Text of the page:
@Sultans_Seal wallows in his lack of democratic mettle
Time and again, since 30 June last year, I’ve come up against the commitment to democracy that I’m supposed to have betrayed by appearing to endorse the army’s intervention in the outcome of Egypt’s second revolution.
Time and again I’ve had to explain what on earth makes Egyptians think that Washington and Tel Aviv are secretly in league with the Muslim Brotherhood to decimate the Arab world along sectarian lines and bring death and destruction upon innocent Egyptians as much as Syrians and Libyans in the name of human rights—presumably to the benefit of that impeccably democratic and profoundly civilized neighbor state where racist, genocidal, militarized sectarianism does not present the world community with a human-rights problem.
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هل لابد أن ترتبط هوية الكاتب بمكان جغرافى وتاريخ محدد؟
أرى أنها على العكس لابد أن لا ترتبط، لا يصح أن تكون الكتابة مكبلة بفكرة انتماء لمكان معين أو حتى زمن معين. الانتماء لمكان وزمان يكون حاصلا رغماً عنك. سهل جداً أن تقع فى فخ سياسى أو غير أدبى، غير أدبى بأى معنى، ليس من الضرورى أن يكون سياسياً، لو أنك ربطت بين كونك تنتج أدباً وفكرة أن هذا الأدب له مكان أو له زمن أو له أى نوع من أنواع الانتماء.
Yesterday evening, while I sat at this desk dreaming up cultural content for the pages I am in charge of, Twitter began turning up news of protesters being fired at and pelted with stones – but not run over by armored vehicles, not beaten repeatedly after they were dead, nor thrown into the Nile as bloodied corpses. Not yet. The location was outside the Radio and Television Union Building, along a stretch of the Nile known as Maspero.
This fact (of protesters being fired upon) along with some of the slogans suggested that the march under attack was Coptic. I in fact knew that most of those tweeting from the location of the shootings were Muslim, but every Coptic protest since 11 February had included Muslims. Ironically, no Arabic term has been coined that might translate CNN’s far more civil “pro-Coptic,” which is also the more accurate by far.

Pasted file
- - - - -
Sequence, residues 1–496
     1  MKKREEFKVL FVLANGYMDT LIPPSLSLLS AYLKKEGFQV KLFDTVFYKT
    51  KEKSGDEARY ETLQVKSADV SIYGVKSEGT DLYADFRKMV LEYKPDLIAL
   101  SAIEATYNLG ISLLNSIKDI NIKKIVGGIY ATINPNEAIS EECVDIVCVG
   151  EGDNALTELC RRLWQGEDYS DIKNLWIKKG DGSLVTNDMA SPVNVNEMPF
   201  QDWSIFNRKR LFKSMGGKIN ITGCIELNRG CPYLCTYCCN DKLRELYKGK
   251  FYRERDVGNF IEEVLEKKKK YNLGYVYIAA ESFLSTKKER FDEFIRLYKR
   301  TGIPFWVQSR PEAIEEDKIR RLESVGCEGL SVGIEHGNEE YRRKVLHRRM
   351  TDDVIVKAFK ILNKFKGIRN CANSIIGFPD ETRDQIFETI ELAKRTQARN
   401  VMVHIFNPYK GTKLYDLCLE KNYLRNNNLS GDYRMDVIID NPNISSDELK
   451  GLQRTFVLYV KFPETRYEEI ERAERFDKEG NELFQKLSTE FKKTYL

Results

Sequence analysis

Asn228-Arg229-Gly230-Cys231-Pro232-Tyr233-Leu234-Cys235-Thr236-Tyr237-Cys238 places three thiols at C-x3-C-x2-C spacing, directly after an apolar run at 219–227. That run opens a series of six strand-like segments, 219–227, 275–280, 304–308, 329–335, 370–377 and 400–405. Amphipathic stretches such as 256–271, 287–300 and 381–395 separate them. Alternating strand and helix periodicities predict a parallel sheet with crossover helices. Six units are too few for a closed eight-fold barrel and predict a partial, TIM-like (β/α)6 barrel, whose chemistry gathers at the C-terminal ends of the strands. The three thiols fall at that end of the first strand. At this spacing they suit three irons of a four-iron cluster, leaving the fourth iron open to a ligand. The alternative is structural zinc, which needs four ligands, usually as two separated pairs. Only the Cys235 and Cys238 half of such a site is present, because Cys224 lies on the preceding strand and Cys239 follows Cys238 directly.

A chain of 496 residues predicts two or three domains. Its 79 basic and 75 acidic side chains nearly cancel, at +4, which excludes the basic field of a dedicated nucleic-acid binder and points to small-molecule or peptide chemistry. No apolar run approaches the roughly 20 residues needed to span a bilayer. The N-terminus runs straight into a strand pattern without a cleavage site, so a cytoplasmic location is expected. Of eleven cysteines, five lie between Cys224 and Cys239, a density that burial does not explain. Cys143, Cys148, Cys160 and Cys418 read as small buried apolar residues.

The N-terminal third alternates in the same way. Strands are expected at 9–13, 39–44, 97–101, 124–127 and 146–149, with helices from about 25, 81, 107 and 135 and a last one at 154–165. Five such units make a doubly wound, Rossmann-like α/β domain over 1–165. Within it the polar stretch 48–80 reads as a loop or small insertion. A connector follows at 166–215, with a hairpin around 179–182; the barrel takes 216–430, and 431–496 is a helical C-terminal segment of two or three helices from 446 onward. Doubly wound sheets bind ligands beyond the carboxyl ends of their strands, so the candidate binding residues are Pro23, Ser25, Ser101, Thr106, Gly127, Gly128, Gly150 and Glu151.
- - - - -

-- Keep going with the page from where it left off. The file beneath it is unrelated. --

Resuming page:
No Renaissance for Old Men
It is the word that Tunisia’s Muslim Brothers chose for their harakah (or movement) and in which the Egyptian jama’ah (or group) couched its presidential programme; it dates all the way back to the late 18th century when, under Muhammad Ali Pasha in particular, it would’ve denoted something significantly different. But in a way it has been the mirror image of European imperialism since then, with its post-Arab Spring Islamist manifestations in Tunisia and Egypt constituting one possible logical conclusion of the region’s political trajectory, and the murderous Arab nationalist dictatorships (whether Gaddafi’s in Libya or the Baath’s in Syria and Iraq) another.
What I want to argue is that, in more ways than one (and despite all the wonderful things it almost did), the so called Arab renaissance has in fact been part and parcel of this immense downward fall of recent history, and that—far from presenting a homegrown alternative to the neoliberal world order, arguably the extension and apotheosis of empire—it has actually aided and abetted the imperialist project.